Objective measures, sensors and computational techniques for stress recognition and classification

Published on Dec 1, 2012in Computer Methods and Programs in Biomedicine3.424
· DOI :10.1016/j.cmpb.2012.07.003
Nandita Sharma7
Estimated H-index: 7
(ANU: Australian National University),
Tom Gedeon33
Estimated H-index: 33
(ANU: Australian National University)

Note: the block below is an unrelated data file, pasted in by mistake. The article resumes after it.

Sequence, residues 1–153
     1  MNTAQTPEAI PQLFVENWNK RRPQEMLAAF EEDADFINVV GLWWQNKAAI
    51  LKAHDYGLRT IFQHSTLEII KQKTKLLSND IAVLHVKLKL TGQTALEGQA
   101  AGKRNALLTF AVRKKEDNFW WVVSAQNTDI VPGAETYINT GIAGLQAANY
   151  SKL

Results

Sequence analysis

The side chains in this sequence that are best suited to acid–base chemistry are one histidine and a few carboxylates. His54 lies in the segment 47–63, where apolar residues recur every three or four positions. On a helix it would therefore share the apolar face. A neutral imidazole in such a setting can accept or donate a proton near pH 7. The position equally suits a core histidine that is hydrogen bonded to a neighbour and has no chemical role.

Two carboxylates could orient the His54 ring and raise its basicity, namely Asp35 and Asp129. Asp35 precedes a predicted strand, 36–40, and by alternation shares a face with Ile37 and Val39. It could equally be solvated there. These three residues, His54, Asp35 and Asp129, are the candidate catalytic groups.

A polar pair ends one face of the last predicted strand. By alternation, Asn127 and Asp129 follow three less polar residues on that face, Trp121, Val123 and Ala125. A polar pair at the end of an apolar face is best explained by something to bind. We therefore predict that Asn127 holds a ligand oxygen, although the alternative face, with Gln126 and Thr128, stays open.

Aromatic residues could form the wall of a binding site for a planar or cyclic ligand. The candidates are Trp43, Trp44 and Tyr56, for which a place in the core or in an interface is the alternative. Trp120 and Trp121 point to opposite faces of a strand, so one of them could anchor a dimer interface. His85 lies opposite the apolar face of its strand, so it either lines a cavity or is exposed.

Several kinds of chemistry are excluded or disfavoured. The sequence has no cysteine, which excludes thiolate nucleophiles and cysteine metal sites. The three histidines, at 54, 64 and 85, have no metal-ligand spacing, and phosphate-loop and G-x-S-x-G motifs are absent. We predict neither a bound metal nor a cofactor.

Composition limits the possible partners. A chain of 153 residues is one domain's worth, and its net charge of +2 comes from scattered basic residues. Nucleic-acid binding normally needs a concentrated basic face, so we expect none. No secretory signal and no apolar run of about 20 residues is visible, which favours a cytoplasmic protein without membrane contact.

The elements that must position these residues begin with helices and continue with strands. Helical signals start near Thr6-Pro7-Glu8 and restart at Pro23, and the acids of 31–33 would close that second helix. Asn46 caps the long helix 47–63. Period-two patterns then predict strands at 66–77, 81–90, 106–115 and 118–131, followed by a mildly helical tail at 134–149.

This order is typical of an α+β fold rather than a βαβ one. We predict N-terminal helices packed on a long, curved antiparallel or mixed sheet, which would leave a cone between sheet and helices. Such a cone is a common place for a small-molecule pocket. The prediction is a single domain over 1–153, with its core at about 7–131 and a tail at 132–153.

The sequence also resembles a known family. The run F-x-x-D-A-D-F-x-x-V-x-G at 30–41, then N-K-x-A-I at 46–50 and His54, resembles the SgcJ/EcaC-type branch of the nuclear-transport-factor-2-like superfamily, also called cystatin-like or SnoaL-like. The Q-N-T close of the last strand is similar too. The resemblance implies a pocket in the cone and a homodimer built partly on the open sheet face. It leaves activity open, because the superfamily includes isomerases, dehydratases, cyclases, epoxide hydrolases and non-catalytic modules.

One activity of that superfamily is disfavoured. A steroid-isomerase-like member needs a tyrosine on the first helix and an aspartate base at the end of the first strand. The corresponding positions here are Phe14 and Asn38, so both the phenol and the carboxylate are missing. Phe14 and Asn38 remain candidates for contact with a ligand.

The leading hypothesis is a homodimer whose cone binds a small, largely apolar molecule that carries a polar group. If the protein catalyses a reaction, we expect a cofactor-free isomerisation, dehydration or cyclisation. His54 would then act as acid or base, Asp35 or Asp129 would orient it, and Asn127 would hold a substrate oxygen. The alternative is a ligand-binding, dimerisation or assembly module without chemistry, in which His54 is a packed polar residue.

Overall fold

Stress is a major growing concern in our day and age adversely impacting both individuals and society. Stress research has a wide range of benefits from improving personal operations, learning, and increasing work productivity to benefiting society - making it an interesting and socially beneficial area of research. This survey reviews sensors that have been used to measure stress and investigates techniques for modelling stress. It discusses non-invasive and unobtrusive sensors for measuring computed stress, a term we coin in the paper. Sensors that do not impede everyday activities that could be used by those who would like to monitor stress levels on a regular basis (e.g. vehicle drivers, patients with illnesses linked to stress) is the focus of the discussion. Computational techniques have the capacity to determine optimal sensor fusion and automate data analysis for stress recognition and classification. Several computational techniques have been developed to model stress based on techniques such as Bayesian networks, artificial neural networks, and support vector machines, which this survey investigates. The survey concludes with a summary and provides possible directions for further computational stress research.
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